research and development” that culminates in a series of large-scale regional
and state “showcase” flight demonstrations of new operational flight
capabilities . MADL has
teamed with industry and state agencies that will
assist in demonstrating how existing and developmental technology can improve
and simplify air transportation.
The Maryland SATS
Lab team has been carefully task organized based upon NASA’s
desire to expand the role of our nations small
aircraft transportation resource State agencies and industries such as the Maryland
Aviation Administration, Hinson Corporate Flight, Inc., ARINC Incorporated,
Airpark Sales and Services and the University of Maryland Labs. the local synergy required to
coordinate and execute this initiative.
Maryland SATShas partnered its local assets with of industry’s
finest corporations including Applied Science Technology (ASI),
Cirrus Design, Decision Studies Incorporated (DSI), Lancair Company, UPS
Aviation Technologies and Science Applications International Corporation
accomplish this demonstration project. Over the next year, the NASA portion of
the Maryland is
expected to be approximately $850,000.
The cost-share from the partnership is expected to be slightly less
than that amount.
The focus of the
Team effort will be to evolve existing flight related
procedures, integrate the team’s existing and developmental technology and study
the human factor requirements for both the experienced pilot and novice aircraft
operator. The team’s ability to
perform these tasks is aided by the use of multiple small civil aircraft already
configured with developmental systems, recording and analysis equipment. The planes will ultimately be configured
with additional equipment that integrates their multiple functions into a
single, automated suite. Such an
integrated suite will provide the equivalent of a skilled electronic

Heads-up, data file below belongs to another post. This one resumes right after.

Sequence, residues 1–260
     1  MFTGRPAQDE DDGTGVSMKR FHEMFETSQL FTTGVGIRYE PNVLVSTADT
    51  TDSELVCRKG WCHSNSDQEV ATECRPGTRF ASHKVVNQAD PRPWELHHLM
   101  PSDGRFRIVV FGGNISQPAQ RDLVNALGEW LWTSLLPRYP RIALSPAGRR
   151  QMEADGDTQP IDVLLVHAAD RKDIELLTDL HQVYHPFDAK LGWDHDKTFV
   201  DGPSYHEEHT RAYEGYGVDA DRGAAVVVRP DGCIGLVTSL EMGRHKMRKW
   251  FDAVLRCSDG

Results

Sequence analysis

The North Carolina – Upper Great Plains SATS Lab Team partners state aviation authorities, small airports, industry, universities, and other private and non-profit organizations in an ambitious plan to implement a three-tier air transportation system in North Carolina by 2003.
states include Kansas, Nebraska, North Carolina, North Dakota, Oklahoma
and South Dakota. Industry partners
include ARNIC, Cessna, Nav3D, Piedmont Hawthorne Aviation, Rannoch, Raytheon,
Rockwell Collins, Seagull Technology, Telford Aviation, UPS Technologies and
United Airlines. Private partners
include Hoh Aeronautics and Human-Machine Solutions. Academic and nonprofit partners include
the University of Kansas, University of Nebraska at Omaha, University of North
Carolina’s Keenan Institute, North Carolina State University ,
and the Research Triangle Institute.
The NASA portion of the project over the next year is approximately $1.5
million dollars and the cost share from the partnership
is approximately $1 .0 million.
airports located primarily in North Carolina will participate in the initial
airports in the team will conduct further demonstrations toward the end of the
project. Synthetic Vision, Highway in the Sky
(HITS), and Advanced Flight Controls.
The premier demonstration will occur at Kitty Hawk at the Dare County